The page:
Belgian beers have not been all too well-reputed for a long time among German beer drinkers. Although little hampers with different Belgian beers were quite popular as a souvenir long before the current craft beer movement, a lot of visitors to the Flemish-Walloon neighbor-kingdom will perhaps in secret have had some envious thoughts about the great variety of beer styles in a typical Belgian beer shelf in the supermarkets. But after returning home most people usually spoke ill about Belgian beers: too sweet, you get a headache from it and so on.
Fortunately, such prejudices have almost disappeared in recent years, even though they may certainly still be present in some narrow minds. But for open-minded people and beer enthusiasts one thing is certain: Belgium is with justification one of the largest beer nations in the world. A beer style that is associated with Belgium like only few others is the Tripel. Tripel beers are top-fermented pale or dark beers, which originally featured the “triple strength of regular beer”. As “regular beer” in earlier days was a little weaker than it is today, most Tripels have around 9% vol.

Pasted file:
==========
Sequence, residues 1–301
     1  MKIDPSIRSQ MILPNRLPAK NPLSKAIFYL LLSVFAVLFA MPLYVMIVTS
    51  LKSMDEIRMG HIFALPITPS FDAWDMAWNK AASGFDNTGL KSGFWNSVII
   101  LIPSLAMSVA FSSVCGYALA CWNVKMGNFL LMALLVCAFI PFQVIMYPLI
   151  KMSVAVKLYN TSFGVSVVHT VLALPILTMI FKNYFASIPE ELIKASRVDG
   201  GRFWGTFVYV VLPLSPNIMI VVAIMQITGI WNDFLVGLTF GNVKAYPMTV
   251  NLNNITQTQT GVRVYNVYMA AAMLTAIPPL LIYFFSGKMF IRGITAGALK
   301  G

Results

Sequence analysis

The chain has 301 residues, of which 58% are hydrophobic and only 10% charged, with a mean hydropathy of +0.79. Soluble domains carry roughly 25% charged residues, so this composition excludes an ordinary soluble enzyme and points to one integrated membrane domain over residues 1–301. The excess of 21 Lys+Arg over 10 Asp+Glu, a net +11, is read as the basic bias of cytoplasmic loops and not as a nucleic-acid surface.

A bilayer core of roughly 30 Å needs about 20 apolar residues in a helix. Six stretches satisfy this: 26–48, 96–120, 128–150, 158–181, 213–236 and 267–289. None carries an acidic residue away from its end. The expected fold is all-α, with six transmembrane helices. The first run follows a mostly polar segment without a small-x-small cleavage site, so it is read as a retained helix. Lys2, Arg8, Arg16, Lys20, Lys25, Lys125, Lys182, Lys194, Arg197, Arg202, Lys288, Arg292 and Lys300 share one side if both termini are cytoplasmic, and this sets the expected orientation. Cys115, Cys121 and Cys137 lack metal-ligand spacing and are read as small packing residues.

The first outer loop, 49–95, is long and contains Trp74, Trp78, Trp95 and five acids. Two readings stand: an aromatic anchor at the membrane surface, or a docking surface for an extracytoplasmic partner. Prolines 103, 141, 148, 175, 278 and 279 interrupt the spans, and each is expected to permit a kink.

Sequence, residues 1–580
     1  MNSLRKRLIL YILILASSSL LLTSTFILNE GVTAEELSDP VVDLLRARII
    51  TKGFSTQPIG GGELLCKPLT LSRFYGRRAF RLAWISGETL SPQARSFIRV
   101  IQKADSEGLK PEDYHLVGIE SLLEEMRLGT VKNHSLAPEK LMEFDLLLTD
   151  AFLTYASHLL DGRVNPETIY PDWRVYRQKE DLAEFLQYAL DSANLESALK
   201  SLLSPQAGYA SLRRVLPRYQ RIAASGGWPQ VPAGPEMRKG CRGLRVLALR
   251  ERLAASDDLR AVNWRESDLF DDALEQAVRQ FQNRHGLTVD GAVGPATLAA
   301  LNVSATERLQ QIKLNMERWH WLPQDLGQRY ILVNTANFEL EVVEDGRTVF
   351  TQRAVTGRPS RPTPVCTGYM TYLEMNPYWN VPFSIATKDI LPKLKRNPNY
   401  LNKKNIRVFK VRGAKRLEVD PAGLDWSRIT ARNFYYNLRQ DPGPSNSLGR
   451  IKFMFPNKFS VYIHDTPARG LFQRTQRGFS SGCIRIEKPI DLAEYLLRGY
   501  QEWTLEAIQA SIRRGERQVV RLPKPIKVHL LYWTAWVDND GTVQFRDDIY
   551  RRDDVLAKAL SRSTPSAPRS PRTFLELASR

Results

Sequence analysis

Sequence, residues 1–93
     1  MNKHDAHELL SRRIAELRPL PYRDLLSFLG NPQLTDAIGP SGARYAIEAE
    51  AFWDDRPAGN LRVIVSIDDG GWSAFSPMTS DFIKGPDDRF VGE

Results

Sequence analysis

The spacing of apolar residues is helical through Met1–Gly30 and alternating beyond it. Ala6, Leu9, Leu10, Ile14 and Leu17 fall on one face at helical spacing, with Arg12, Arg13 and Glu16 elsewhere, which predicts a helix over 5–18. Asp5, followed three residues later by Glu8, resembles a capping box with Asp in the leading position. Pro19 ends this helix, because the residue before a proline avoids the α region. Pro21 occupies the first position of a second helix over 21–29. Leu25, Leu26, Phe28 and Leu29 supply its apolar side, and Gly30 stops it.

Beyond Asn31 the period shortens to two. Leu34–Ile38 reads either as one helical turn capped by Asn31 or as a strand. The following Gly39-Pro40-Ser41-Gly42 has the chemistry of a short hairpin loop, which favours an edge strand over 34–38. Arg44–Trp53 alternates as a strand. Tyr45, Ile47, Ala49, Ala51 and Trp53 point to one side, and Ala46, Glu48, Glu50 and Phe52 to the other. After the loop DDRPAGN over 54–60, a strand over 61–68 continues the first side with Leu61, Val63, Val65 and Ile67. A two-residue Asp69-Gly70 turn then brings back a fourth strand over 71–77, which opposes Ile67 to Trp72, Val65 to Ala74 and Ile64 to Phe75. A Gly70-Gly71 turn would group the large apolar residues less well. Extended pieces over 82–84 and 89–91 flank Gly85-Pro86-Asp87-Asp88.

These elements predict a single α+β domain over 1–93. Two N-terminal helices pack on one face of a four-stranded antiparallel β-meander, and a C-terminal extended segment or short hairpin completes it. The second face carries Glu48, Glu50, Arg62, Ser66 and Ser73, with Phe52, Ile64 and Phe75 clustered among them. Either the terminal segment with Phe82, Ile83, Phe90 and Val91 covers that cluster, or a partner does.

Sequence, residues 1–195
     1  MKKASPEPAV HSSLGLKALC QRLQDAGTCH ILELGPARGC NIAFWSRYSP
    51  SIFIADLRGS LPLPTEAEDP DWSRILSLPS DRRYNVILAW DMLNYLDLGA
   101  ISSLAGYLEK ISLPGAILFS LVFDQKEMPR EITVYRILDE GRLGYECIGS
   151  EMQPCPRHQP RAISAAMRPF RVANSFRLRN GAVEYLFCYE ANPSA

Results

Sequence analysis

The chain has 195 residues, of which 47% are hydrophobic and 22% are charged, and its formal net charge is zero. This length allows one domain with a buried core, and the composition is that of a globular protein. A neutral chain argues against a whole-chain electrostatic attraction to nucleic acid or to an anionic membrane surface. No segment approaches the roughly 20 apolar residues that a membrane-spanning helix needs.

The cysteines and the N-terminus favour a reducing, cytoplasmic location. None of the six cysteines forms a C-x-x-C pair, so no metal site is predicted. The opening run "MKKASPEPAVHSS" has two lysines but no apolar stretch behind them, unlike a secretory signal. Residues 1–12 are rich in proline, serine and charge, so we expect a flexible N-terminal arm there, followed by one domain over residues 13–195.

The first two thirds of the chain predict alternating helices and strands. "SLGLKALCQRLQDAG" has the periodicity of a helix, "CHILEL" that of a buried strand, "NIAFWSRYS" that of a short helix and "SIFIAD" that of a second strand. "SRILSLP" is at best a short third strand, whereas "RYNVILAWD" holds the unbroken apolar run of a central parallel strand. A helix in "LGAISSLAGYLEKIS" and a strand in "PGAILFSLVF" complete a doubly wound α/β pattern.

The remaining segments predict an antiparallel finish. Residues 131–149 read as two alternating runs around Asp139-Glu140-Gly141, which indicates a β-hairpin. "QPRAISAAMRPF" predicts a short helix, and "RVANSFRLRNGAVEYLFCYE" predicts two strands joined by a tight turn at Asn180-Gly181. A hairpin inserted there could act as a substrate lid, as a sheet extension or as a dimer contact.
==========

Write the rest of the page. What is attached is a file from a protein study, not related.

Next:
Today’s Tripel Karmeliet is a pale Tripel from the Brouwerij Bosteels in Buggenhout, which brews beer since 1791. The Tripel Karmeliet allegedly goes back to an even older recipe from the year of 1679. But in fact it is brewed by the Brouwerij Bosteels in its current form since 1996. With its its 8.4% vol. and a mixture of wheat, barley and rye malts, it turns out to be a fully aromatic Tripel and thus is a real epiphany.
On the nose the Tripel Karmeliet offers very interesting notes of malt, slightly unripe banana, green mango, spices and subtle vanilla. It tastes very powerful and full-bodied, with ripe banana, vanilla and honey. The Tripel Karmeliet offers an interesting spiciness. It’s a sweet but heavy beer, of which one definitely should not drink too much on the same evening.
Buying sources: in specialized stores or online.